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IRS Penalty Abatement | Can I Reduce Or Remove IRS Penalties? | IRS Penalties Attorney May 14, 2012

Posted by Insight Law Firm in Income Tax, IRS, Tax.
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Why did the IRS issue me a penalty?
The IRS may impose penalties on taxpayers for several reasons.  Some of the more common penalties taxpayers face include:
  • Penalty for failure to timely file return.  The IRS may impose a penalty on you if you fail to file your tax return on or before the due date.  The amount imposed as a penalty will vary from taxpayer to taxpayer, because it is based on the amount of tax on your return and how late your taxes were filed.  There is a heightened penalty if the IRS considers your failure to file fraudulent – that is, if you are purposefully not filing returns in order to avoid paying taxes.
  • Penalty for failure to timely pay.  The IRS may also impose a penalty if you timely file your taxes but fail to pay any outstanding taxes on or before the due date.   You could also be assessed a failure to pay penalty if the IRS determines you owe more taxes than what was calculated on your return, and you fail to pay the new amount of the tax the IRS has assessed by the due date.  As with the failure to file penalty, the amount of the failure to pay penalty will vary from taxpayer to taxpayer based on the amount owed. 
  • Penalty for accuracy-related issues.  The IRS also imposes penalties against taxpayers for issues that will render a taxpayer’s return inaccurate, including:
    • Negligence or disregard of rules and regulations;
    • Substantial understatement of income tax;
    • Substantial valuation misstatement;
    • Substantial overstatement of pension liabilities; and
    • Substantial estate or gift tax valuation understatement.
  • Trust Fund Recovery Penalty.  This is a penalty imposed against payers required to collect, account, and deposit quarterly employment taxes.  If you are responsible for these tasks and willfully fail to perform them, the IRS will impose a penalty under IRC Section 6672. 
Can the IRS remove a penalty that I was assessed?
Yes, the IRS may remove or reduce a penalty you have been assessed.  This is referred to as a penalty abatement.  A taxpayer seeking this relief should be prepared to demonstrate to the IRS that a penalty abatement is proper given the facts and circumstances of the taxpayer’s case.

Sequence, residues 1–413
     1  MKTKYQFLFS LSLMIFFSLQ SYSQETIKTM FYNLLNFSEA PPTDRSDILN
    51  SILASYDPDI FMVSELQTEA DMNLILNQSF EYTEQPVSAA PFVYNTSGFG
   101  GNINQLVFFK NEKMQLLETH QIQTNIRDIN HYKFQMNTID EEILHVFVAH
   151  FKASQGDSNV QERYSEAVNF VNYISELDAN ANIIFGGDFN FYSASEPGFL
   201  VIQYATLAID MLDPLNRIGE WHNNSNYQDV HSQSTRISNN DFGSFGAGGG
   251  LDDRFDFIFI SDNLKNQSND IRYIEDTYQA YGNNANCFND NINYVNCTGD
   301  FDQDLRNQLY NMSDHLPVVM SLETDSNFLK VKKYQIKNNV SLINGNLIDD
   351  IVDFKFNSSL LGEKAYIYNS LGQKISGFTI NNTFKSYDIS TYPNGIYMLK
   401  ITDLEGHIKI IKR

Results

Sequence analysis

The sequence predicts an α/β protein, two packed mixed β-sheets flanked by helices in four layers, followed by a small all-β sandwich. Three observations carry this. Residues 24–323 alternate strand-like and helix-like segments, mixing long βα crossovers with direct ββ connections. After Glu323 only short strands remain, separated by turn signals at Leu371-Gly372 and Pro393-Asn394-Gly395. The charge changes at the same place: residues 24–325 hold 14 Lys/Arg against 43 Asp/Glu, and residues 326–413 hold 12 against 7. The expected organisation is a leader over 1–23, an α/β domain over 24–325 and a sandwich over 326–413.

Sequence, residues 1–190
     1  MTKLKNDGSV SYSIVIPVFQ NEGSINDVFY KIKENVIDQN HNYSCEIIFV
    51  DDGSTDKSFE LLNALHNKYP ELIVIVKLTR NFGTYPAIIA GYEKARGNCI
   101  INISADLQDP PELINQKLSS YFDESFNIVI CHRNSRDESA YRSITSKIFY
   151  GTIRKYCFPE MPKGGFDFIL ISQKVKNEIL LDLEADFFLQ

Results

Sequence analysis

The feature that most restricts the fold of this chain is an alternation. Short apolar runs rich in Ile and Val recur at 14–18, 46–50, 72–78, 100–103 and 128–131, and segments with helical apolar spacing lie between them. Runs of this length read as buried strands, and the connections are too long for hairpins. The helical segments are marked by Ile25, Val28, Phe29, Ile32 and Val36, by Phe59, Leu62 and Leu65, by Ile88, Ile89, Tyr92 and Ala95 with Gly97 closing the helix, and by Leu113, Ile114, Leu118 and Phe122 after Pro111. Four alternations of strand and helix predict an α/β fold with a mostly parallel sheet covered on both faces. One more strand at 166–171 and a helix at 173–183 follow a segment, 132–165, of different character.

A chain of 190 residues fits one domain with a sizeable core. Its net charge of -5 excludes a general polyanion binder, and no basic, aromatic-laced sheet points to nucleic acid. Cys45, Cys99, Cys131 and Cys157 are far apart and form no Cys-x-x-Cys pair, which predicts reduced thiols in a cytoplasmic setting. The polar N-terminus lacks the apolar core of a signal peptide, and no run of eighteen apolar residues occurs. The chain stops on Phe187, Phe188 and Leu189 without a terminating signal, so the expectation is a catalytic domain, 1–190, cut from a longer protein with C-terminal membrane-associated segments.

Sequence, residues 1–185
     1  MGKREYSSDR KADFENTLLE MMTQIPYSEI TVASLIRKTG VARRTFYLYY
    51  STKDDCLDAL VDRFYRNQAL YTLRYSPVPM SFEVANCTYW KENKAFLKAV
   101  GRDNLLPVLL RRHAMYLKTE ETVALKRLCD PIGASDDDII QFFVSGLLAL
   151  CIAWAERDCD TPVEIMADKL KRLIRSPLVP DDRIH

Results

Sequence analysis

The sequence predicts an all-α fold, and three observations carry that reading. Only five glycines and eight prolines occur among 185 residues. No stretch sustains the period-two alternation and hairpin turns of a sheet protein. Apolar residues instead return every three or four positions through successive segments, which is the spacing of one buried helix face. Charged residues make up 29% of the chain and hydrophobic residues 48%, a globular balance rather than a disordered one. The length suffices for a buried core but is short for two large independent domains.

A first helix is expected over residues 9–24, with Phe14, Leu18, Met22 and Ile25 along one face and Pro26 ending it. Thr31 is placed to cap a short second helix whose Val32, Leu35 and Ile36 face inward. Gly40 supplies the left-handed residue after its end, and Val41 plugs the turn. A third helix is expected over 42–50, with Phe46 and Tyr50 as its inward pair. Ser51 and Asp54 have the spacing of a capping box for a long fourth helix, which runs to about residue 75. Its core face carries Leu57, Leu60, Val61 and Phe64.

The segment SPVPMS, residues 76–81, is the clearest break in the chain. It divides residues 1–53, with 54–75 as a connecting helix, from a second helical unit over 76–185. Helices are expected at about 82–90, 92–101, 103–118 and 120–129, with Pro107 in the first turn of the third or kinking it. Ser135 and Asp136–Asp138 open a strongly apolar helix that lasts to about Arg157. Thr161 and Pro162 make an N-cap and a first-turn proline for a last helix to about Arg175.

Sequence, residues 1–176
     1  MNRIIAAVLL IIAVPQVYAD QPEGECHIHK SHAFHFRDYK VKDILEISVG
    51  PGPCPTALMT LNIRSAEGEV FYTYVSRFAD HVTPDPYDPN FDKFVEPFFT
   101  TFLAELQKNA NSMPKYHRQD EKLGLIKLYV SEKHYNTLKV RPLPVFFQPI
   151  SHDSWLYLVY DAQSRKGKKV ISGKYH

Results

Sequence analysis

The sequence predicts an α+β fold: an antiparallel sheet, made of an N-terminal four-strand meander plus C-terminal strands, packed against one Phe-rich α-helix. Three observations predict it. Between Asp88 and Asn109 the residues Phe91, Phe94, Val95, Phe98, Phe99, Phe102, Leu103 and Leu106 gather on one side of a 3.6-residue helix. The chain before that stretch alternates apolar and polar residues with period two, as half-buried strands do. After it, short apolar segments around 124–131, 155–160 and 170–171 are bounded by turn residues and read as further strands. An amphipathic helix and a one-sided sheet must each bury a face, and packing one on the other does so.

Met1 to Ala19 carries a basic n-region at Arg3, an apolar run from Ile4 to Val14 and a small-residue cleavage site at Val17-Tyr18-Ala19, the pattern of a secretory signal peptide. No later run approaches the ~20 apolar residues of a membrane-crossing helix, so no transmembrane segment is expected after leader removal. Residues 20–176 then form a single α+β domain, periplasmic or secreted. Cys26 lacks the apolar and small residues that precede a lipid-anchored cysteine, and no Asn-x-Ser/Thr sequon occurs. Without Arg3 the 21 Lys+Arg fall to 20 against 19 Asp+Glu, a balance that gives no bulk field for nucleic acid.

When are penalties abated or removed?
The requirements for abatement differ depending on which penalty was imposed. 
For example, for failure to file and failure to pay penalties,  a taxpayer must demonstrate his/her failure had a reasonable cause and was not the result of willful neglect.  Medical problems, financial difficulties, and other emergencies may qualify.  While each taxpayer’s case is different, common factors the IRS may consider include:
  • The presence of a specific incident or event that prevented the taxpayer from complying with the rules;
  • How long the taxpayer waited to comply with the rules and any efforts made to comply with the rules; and
  • The taxpayer’s past history of compliance.
In the case of accuracy-related penalties, the taxpayer may challenge the underlying penalty by showing there was reasonable cause for his/her position and that the taxpayer was acting in good faith.  
For trust fund penalties, a taxpayer may challenge the penalty by demonstrating he/she is not a “responsible person” for tax responsibilitiesor did not “willfully” fail to perform the responsibilities.
 Discussing penalty abatement or removal with a local attorney…

If you are a Washington taxpayer and would like to discuss whether a penalty abatement may be a good option for you to pursue, contact Insight Law for a free consultation with a local tax attorney.  Call (206) 397-4780, or click the Tax Attorney link below to visit our website.

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